Nice to see you again after the summer break. To talk to you about what? But what has been agitating our experts for a few weeks, namely a winter that we risk going candlelight due to the rise in the price of gas and more generally of energy. And as if that were not enough, the same experts are predicting the worst economic events for us. In particular a recession in Europe after the United States will have already entered recession this summer.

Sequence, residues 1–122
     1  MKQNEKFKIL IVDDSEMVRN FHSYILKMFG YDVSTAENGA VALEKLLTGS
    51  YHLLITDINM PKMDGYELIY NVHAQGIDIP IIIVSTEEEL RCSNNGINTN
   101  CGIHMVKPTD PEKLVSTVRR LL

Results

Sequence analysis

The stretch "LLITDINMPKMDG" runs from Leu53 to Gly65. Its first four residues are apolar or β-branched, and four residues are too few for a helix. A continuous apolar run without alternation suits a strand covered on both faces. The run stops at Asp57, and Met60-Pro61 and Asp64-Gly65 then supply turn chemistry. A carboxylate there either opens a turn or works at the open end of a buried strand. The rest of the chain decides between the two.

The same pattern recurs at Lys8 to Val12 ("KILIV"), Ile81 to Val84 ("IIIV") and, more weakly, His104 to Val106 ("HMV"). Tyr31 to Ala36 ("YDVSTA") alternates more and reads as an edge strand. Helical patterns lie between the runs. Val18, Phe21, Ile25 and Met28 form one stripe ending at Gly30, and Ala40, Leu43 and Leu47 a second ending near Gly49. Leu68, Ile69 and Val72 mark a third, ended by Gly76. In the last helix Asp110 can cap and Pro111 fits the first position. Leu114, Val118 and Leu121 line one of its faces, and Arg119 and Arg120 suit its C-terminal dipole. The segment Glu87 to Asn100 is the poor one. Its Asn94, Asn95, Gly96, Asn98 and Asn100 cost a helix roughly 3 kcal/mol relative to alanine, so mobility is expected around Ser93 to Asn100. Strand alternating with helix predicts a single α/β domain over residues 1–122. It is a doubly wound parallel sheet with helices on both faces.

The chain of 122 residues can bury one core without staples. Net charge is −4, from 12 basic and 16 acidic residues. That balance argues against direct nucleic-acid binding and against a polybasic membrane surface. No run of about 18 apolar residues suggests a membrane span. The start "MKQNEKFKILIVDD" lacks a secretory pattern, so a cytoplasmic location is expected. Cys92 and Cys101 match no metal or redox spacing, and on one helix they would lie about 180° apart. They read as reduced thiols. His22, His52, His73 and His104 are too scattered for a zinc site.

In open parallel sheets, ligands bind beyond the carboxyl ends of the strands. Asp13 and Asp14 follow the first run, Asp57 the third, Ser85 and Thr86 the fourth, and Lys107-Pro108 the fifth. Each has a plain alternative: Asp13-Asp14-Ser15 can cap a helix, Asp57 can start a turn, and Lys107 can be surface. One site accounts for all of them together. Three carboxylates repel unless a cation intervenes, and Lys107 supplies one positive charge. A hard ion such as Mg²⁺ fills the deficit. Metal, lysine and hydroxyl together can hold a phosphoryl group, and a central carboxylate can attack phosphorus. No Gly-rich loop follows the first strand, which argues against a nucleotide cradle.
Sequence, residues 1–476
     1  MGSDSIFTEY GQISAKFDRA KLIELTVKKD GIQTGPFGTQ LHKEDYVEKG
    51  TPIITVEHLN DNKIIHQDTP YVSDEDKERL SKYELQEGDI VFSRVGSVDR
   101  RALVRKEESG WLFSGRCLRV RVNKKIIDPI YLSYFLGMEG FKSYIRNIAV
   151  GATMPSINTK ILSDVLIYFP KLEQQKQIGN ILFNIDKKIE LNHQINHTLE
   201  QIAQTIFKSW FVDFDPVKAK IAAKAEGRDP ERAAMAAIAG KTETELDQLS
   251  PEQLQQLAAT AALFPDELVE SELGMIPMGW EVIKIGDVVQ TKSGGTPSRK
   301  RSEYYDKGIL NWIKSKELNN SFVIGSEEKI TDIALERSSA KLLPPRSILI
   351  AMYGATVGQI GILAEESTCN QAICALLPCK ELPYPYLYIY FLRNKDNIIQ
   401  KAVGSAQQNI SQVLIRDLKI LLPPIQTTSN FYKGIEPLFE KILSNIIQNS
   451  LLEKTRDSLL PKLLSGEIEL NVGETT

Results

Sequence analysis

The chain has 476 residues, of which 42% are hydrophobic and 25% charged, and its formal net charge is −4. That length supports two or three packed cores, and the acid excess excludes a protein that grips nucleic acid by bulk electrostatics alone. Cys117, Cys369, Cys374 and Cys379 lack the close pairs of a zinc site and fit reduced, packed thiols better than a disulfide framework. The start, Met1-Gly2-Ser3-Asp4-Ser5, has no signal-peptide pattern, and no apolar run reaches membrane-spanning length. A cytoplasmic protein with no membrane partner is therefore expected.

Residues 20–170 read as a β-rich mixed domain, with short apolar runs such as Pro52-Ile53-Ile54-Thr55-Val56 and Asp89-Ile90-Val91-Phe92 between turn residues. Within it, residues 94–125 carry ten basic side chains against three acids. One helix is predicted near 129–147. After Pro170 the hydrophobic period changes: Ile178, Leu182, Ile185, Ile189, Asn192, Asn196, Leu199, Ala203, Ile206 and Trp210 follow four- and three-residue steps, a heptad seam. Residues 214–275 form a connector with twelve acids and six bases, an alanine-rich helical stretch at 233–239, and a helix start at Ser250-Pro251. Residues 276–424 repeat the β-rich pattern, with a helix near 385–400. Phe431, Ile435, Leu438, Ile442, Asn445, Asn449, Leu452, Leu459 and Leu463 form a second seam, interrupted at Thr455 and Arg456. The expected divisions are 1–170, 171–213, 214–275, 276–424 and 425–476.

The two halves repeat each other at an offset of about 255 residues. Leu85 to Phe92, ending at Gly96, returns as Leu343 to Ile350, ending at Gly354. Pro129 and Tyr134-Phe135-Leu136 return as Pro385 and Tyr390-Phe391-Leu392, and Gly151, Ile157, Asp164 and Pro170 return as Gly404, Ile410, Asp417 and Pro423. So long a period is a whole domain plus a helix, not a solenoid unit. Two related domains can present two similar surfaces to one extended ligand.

Nice to see you again after the summer break. To talk to you about what? But what has been agitating our experts for a few weeks, namely a winter that we risk going candlelight due to the rise in the price of gas and more generally of energy. And as if that were not enough, the same experts are predicting the worst economic events for us. In particular a recession in Europe after the United States will have already entered recession this summer. It is quite surprising to speak of a recession because for the time being, the reality in Europe does not yet reflect these predicted tragedies. I have made a few phone calls to bankers and all of them tell me that their credit portfolio is doing well and that there are no abnormal defects to be noted. Even if of course, they add, “the bosses are worried about the start of the school year” because they read the press, like you and me, which is in anxiety mode. The other paradox of this recession is that the unemployment rate is at its lowest in the United States. It is also down in Europe, and even here in Belgium. Labor shortages affect a lot of sectors, which, admit it, is not characteristic of a classic recession. As for the fable that only companies with pricing power – like Apple – are able to pass on higher prices to consumers, analysts have found that to be a fiction: the results of companies in the first half show that almost all companies were able to pass on the rise in inflation to consumers! If the “mistigri of inflation” could be passed on to consumers, it is because we generally had a delay in consumption and a surplus of savings linked to Covid-19, a period during which we – consumers – do not we couldn’t go to a restaurant or travel. Of course, companies will not be able to pass on rising costs to consumers forever, but in the meantime they have done so. For some observers, the recession is a good thing, contrary to what one might think. Amazing? No, because a temporary recession lasting a few months is better than inflation that lasts and causes mortal social damage. Because who says recession, says drop in demand. So that’s going to allow global supply chains to get back to normal and put an end to those bottlenecks. In short, all of this mechanism will result in lower prices. Moreover, if the price of oil is falling at the moment, it is because the market is anticipating a drop in global demand. And if there is a drop in inflation, there will also be a drop in interest rates. In the end, yes, it’s paradoxical, but for rates to go down, they have to go up first. It’s a way to make the economy land softly. And if you are wondering why the stock market has recovered, it is because investors are in this mode of reasoning. In summary, the economy is slowing down, household savings which served as a shock absorber are melting like snow in the sun because part of it has already been consumed. As for the job shortages that we see in the United States and in Europe, the bet of certain analysts is that they will partly – and I mean partly – be absorbed because the people who had left the labor market jobs for various reasons, will have to come back and agree to respond to the millions of unfilled vacancies. In short, what I shared with you is not a Care Bears vision of the economy, but less apocalyptic than what we find in most media. Rest assured, such thesis is not in the minority, it is just inaudible because it does not gain ratings!